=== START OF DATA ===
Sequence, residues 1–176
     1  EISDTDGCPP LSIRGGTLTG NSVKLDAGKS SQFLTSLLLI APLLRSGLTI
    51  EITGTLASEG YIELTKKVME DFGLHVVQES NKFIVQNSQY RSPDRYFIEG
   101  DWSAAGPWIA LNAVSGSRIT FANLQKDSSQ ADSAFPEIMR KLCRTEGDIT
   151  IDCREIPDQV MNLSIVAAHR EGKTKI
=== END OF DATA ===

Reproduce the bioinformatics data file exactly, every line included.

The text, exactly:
Sequence, residues 1–176
     1  EISDTDGCPP LSIRGGTLTG NSVKLDAGKS SQFLTSLLLI APLLRSGLTI
    51  EITGTLASEG YIELTKKVME DFGLHVVQES NKFIVQNSQY RSPDRYFIEG
   101  DWSAAGPWIA LNAVSGSRIT FANLQKDSSQ ADSAFPEIMR KLCRTEGDIT
   151  IDCREIPDQV MNLSIVAAHR EGKTKI